What AI sees and how to use it.

I’ve recently really got interested in motion AI, and how computers are used to scan the gaps between what we feed it and what we want; and draw the finishing lines themselves.

A good example of what I mean, are the countless pieces of restored footage that have used some form of AI to meticulously upscale, deblurred and smoothe out ancient film reels into 4K masterpieces.

Dennis Shiryaev implemented a neutral network to apply itself to this early 20th century footage of Japan. The AI mapped out the images frame by frame, and through a process of machine learning, was able to develop it into something that appears to have been filmed yesterday.

Through his team based in Poland, Dennis and neural.love have invested in using this kind of machine learning to create ways of recycling footage and images into new kinds of content. Some of it super freaky.

By how far does the tree grow down? And how hot does the eye of heaven burn?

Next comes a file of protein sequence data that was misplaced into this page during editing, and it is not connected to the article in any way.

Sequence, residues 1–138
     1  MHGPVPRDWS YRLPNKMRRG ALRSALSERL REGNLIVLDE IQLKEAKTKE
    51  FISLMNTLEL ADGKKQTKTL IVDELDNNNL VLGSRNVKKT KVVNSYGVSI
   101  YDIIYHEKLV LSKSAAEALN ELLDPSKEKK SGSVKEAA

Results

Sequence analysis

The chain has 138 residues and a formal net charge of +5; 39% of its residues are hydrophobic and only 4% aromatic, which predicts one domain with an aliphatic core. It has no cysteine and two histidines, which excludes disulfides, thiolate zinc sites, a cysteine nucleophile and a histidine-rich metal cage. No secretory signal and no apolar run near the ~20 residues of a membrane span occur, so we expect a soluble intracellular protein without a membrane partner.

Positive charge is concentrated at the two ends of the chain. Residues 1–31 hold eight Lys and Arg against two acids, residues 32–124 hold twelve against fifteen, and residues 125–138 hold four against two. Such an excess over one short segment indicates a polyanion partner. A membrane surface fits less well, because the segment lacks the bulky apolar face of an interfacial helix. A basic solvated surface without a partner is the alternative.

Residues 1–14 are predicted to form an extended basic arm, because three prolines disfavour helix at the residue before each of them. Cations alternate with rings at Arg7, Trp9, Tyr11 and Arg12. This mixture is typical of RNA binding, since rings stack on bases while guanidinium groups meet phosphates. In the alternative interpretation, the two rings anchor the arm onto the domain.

A forgotten aesthetic of the machine learning era we are living in is the Google DeepDream, which was a set of algorithms that mapped movement and tried to reconstructed it using elements taken from Google Images.

It is meant to reconstruct faithfully any footage you fed it, but instead would spit out these hallucinogenic nightmares.

Try and make heads or tails of that. It’s an image that burns and scars, but in all honesty is quite beautiful and especially stark in its own right.

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